“It feels as if you’ve been turned inside out. You’ve just given birth and finally you feel emptied. You’re exhausted. Your breasts are painfully full of milk. And then you look at your baby. And you see that she’s a little girl. And you know that you have to kill her.” Vaira Mani drops her head in sadness as she recounts the death of a neighbour’s newborn baby. It is as if the child had been hers, for she speaks with a conviction that seems to come from personal experience….
Usilampatti is a place of great beauty. It is surrounded by paddy fields, dotted with tall, elegant palm trees and framed by distant blue mountains. Only the earth, rich and blood coloured, suggests the deadly annual harvest. For it is here that the children are buried….
Holding my arm tight and with tears in her eyes, Vaira told me of the different ways in which girl children are murdered in the village. Some babies are buried alive or interred in pots where it takes up to two hours for them to suffocate. Others have their mouths stuffed with wet cloths or are slammed against walls. Or an infant may be fed the poisonous sap of a local plant which destroys the internal organs, causing convulsions and internal haemorrhaging. But perhaps the most horrific method is “dry drowning”, whereby the open mouth of a baby girl, searching for her mother’s nipple, receives instead a handful of grain which chokes the child to death.”
quote from here.
Infanticide and child abandonment are not confined to India but span the length and breadth of the world. Until a hundred or so years ago (as shown below), both were common in Europe and the UK. The question I want to ask is why? Contraception and abortifacient herbs have always been available, until the complete victory of patriarchy world wide, women were expert in their use. In addition the natural contraceptive of breast feeding plus constant body contact, has been purposefully interfered with. Women have been encouraged not to breast feed and to put their children down at every opportunity, instead of picking them up. While a female is breast feeding, her body is not easily available to males for the purpose of reproduction. Deep antipathy of males toward nursing mothers and by extension the infants themselves, is not confined to our species.
Cutting, bandaging and corseting of breasts are just some of the practices used to damage the bonding mechanism between mother and child, remove the woman’s body away from the baby, and back into reproductive availability for men. Overpopulation, and conditions where babies are left to starve or killed at birth are not some tragic accident but a contrived set of circumstances. They are the result of mens attempt to take over from women and control reproductive outcomes. The silent suffering of women who must birth over and over again, only to watch their babies starve around them, and the plight of mothers who must murder their girls under male supremacist edicts, go unrecorded. There are no memorials to their deaths, everyday is anti-remembrance day, the blood of mothers and babies flows, like the mythological River Lethe, beyond memory. Women and girls are victims of an unseen but purposeful holocaust.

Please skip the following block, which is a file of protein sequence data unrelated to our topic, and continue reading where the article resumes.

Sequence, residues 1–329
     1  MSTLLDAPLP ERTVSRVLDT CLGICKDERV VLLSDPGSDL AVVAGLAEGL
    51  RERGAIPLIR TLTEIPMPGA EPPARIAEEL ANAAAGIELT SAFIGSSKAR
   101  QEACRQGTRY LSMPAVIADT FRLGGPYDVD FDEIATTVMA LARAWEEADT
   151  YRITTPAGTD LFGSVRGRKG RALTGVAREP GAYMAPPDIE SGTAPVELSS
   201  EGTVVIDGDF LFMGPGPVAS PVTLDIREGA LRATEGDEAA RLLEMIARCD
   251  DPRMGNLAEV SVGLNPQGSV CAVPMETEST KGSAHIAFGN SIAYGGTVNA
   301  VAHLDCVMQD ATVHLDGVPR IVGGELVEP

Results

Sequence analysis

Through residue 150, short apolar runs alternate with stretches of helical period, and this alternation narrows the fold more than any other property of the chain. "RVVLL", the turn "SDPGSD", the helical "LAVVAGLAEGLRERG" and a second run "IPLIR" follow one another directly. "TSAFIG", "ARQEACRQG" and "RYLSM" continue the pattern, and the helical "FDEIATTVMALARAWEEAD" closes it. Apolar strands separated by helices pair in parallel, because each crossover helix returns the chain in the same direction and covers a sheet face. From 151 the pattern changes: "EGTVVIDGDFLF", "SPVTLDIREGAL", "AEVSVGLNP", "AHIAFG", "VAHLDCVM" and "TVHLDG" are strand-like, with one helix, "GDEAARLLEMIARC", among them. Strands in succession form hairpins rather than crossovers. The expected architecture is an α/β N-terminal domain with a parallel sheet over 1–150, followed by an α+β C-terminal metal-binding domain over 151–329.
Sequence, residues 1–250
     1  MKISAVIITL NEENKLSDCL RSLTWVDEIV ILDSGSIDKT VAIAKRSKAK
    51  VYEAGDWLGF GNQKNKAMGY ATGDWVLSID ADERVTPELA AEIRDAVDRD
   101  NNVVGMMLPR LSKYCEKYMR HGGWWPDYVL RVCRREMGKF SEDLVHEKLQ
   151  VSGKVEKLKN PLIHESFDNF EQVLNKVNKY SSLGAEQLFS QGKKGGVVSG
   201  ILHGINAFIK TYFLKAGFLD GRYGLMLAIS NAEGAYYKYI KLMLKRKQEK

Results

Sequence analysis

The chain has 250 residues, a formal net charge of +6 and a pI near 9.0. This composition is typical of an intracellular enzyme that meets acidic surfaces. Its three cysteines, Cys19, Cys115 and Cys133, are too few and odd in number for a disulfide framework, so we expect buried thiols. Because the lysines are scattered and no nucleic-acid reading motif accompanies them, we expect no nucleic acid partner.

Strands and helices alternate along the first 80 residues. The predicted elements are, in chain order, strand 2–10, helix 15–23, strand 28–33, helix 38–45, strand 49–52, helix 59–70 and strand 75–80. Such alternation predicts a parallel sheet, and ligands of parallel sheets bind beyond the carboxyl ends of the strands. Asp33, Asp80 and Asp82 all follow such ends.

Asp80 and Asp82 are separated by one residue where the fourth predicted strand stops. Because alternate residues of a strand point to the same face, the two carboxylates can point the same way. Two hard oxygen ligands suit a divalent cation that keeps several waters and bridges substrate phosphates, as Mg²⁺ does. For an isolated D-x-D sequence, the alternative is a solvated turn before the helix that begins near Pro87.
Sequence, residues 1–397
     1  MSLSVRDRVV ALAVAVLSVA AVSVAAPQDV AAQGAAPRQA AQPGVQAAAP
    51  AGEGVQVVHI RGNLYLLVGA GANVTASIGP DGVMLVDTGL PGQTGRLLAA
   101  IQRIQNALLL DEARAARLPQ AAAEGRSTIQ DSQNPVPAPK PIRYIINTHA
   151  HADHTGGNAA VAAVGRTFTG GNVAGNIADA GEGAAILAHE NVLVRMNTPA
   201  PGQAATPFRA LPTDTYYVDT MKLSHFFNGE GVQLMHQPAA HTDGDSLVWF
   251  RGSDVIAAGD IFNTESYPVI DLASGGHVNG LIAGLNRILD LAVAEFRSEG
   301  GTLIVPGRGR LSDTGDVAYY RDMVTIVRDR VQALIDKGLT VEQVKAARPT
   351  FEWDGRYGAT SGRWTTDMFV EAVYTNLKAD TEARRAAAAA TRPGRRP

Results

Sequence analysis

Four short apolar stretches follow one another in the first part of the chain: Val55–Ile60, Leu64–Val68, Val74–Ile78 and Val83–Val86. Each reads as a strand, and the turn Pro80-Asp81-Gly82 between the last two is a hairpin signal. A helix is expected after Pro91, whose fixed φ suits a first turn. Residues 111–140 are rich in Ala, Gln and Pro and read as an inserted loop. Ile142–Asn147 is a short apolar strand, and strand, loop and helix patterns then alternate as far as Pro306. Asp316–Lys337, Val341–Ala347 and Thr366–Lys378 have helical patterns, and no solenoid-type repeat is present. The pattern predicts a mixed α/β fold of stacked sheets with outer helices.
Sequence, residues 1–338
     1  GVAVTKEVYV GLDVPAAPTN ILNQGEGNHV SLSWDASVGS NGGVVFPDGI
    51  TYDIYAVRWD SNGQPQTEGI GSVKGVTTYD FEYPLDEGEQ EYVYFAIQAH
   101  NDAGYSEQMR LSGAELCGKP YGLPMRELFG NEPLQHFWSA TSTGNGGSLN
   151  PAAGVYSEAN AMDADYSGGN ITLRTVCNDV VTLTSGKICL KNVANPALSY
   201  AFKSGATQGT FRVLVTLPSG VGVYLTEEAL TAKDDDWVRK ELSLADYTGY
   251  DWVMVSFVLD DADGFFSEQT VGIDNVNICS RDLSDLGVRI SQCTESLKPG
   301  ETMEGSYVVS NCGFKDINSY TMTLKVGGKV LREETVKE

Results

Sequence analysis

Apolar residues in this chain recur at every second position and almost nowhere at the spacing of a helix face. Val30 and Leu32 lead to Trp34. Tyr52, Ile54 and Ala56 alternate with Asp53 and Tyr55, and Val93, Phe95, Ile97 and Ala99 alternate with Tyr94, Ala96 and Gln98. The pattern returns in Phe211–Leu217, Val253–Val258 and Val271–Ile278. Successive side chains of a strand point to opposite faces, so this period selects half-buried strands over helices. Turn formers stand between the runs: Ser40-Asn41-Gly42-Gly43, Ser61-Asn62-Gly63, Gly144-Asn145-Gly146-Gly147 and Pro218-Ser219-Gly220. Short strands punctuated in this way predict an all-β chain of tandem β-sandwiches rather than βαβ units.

“Urban exposure. Urban exposure of infants was common throughout Europe until the nineteenth century. In medieval Europe, infants were left in the streets, on trash heaps, and at church steps. European urban exposure became most frequent during the eighteenth century, when numerous poor women abandoned infants in streets or foundling homes and Parisian garbage collectors picked up abandoned infants on their rounds. However, urban exposure was not confined to Europe. During the seventeenth century, Jesuit missionaries to China found that babies were thrown into the streets and collected with the trash (Boswell 1988; Langer 1974).
Foundling homes. Public outrage over urban exposure of infants led to the establishment of foundling homes in Europe. The mortality rates of infants in these homes was as high as 90 percent. Wet nurses employed in foundling homes neglected infants and sometimes killed them so frequently that they were called “killer nurses” or “angel makers.” In effect, consigning infants to these homes amounted to institutionalized urban exposure. Foundling homes allowed parents to abandon unwanted infants without fear of prosecution. As this practice became openly acceptable in the eighteenth century, attitudes toward outright infanticide became more lenient (Boswell 1988; Breiner 1990; Langer 1974). Foundling homes proved to be so ineffectual that, in the late nineteenth century, France and Britain passed laws requiring them to be licensed. Government support for unwed mothers began to replace foundling homes and orphanages in a number of countries (Langer 1974).”
One of the earliest documents explicitly referring to birth control methods is the Kuhn gynaecological papyrus from about 1850 BC. It describes various contraceptive pessaries, including acacia gum, which recent research has confirmed to have spermatocidal qualities and is still used in contraceptive jellies. Other birth control methods mentioned in the papyrus include the application of gummy substances to cover the “mouth of the womb”, a mixture of honey and sodium carbonate applied to the inside of the vagina, and a pessary made from crocodile dung. Lactation of up to three years was also used for birth control purposes in ancient Egypt.